For de Hamel, an enthusiasm for books can compensate for many other failings. Supremely confident in his own judgements, Abbé Jean-Joseph Rive (1730-91) emerges as someone who would be a challenging club member and his story illustrates how collecting tastes, as well as scholarly opinions, have changed over the last 300 years. Similarly, Sir Frederic Madden (1801-73) spent much of his career as keeper of manuscripts at the British Museum feuding with the head of printed books, while Constantine Simonides (1824-90) both sold and forged manuscripts, providing us with valuable insights into what the scholars and collectors of the 19th century most desired (even when it did not survive). Sir Thomas Phillipps, who amassed the largest private collection of manuscripts and was another man renowned for being difficult to deal with, could easily have had his own case study, but instead appears repeatedly in the lives of others.
The studies of Theodor Mommsen (1817-1903) and Sydney Cockerell (1867-1962) trace the increasing professionalisation of the study and care of manuscripts in the late 19th and early 20th centuries, with Mommsen the only person (to date) to have been awarded a Nobel Prize for his work on manuscripts. Trained by the collectors John Ruskin and William Morris, Cockerell played a key role advising English collectors of illuminated manuscripts before joining the Fitzwilliam Museum in Cambridge. In addition, he built his own collection before releasing the books back onto the market in his old age. The book concludes with Belle da Costa Greene (1879-1950), underlining how white and male the history and historiography of collecting has been. Other women do appear throughout the book, notably Simon Bening’s daughters, one of whom became an artist. Nevertheless, much remains to be done as we seek to understand the contributions of those who supported and facilitated the members of this manuscript club. De Hamel’s book is a valuable starting point.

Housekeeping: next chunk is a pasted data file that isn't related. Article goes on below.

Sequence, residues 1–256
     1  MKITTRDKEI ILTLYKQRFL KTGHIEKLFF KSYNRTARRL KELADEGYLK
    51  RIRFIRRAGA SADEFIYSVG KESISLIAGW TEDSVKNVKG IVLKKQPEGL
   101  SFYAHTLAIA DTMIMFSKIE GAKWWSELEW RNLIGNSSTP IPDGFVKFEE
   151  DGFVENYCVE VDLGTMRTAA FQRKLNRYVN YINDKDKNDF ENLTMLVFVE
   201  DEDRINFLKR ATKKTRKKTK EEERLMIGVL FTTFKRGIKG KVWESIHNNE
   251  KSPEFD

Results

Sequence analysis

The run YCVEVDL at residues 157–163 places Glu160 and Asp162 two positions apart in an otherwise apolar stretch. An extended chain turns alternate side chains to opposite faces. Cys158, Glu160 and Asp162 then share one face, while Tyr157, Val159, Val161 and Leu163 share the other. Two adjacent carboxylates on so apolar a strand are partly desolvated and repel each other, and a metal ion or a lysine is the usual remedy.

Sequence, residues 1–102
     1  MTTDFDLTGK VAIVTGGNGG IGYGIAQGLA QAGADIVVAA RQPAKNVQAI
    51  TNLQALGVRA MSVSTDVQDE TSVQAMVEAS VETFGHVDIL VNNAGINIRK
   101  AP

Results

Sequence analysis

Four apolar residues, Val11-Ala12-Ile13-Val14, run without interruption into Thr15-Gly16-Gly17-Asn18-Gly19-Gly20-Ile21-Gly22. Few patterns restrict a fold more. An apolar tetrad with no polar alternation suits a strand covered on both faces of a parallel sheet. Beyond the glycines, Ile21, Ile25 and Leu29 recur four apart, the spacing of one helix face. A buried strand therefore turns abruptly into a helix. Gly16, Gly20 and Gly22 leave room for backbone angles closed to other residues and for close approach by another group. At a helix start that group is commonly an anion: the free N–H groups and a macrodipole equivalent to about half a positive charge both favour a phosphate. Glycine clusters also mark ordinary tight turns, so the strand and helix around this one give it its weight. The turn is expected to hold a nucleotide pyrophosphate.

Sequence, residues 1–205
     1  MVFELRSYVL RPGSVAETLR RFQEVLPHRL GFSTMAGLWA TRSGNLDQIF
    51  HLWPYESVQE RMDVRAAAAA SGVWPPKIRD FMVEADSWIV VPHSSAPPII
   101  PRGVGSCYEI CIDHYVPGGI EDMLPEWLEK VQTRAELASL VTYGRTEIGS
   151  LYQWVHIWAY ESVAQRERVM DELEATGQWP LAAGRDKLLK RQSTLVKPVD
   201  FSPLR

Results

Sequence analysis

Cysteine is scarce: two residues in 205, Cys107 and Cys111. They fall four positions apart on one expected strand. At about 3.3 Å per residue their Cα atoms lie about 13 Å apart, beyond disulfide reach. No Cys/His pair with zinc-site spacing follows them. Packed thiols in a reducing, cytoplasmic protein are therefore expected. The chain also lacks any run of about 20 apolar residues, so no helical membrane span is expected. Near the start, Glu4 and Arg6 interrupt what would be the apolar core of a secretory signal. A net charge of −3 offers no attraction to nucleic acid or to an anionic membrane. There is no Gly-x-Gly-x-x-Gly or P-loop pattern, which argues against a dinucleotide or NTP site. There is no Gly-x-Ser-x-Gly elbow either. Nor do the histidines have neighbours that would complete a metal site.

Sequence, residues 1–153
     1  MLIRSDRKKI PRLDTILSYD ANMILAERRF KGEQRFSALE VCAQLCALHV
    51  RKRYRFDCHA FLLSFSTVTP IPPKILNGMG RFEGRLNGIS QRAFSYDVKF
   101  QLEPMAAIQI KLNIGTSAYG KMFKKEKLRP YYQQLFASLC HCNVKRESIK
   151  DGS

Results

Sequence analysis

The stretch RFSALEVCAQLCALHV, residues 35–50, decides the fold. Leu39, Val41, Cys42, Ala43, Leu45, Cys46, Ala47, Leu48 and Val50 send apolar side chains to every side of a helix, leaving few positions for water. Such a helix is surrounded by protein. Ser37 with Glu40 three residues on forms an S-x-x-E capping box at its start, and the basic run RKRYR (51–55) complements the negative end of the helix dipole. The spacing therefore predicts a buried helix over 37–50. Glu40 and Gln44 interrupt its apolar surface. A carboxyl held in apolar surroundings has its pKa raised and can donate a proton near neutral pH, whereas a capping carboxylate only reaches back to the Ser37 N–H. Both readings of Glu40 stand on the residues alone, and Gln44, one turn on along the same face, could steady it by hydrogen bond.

The text is engagingly written, inviting the reader to follow the author on his travels to study these people in their own environments. Throughout his career de Hamel has done an immense amount to make these complex and fascinating artefacts accessible to a wide audience. At times his imaginative leaps demonstrate the gaps between our contemporary questions and the nature of historical records. For example, suggesting medical diagnoses for the people of the past can only ever be extremely speculative. Nevertheless, although the book wears its thorough research lightly, the interested reader will find much valuable information in the endnotes. The epilogue indicates that membership of de Hamel’s club is not restricted to 12; many other characters appear, who may become the subject of a study in their own right. The club is open.
The Posthumous Papers of the Manuscripts Club
Christopher de Hamel
Allen Lane 624pp £40
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Laura Cleaver is Senior Lecturer in Manuscript Studies at the Institute of English Studies.